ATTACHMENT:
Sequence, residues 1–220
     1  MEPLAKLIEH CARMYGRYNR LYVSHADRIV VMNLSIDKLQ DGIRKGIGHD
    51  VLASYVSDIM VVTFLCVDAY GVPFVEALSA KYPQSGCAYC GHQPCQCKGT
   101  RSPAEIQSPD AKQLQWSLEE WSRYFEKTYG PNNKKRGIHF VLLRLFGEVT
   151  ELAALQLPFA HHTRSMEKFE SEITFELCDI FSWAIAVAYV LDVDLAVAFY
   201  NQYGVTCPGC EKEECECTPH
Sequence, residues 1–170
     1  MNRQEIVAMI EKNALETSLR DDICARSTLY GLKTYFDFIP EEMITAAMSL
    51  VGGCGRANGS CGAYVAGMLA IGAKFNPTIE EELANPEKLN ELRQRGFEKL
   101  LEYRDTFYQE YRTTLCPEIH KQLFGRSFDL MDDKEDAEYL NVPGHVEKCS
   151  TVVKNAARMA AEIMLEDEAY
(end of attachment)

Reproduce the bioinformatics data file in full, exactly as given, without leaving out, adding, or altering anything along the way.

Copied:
Sequence, residues 1–220
     1  MEPLAKLIEH CARMYGRYNR LYVSHADRIV VMNLSIDKLQ DGIRKGIGHD
    51  VLASYVSDIM VVTFLCVDAY GVPFVEALSA KYPQSGCAYC GHQPCQCKGT
   101  RSPAEIQSPD AKQLQWSLEE WSRYFEKTYG PNNKKRGIHF VLLRLFGEVT
   151  ELAALQLPFA HHTRSMEKFE SEITFELCDI FSWAIAVAYV LDVDLAVAFY
   201  NQYGVTCPGC EKEECECTPH
Sequence, residues 1–170
     1  MNRQEIVAMI EKNALETSLR DDICARSTLY GLKTYFDFIP EEMITAAMSL
    51  VGGCGRANGS CGAYVAGMLA IGAKFNPTIE EELANPEKLN ELRQRGFEKL
   101  LEYRDTFYQE YRTTLCPEIH KQLFGRSFDL MDDKEDAEYL NVPGHVEKCS
   151  TVVKNAARMA AEIMLEDEAY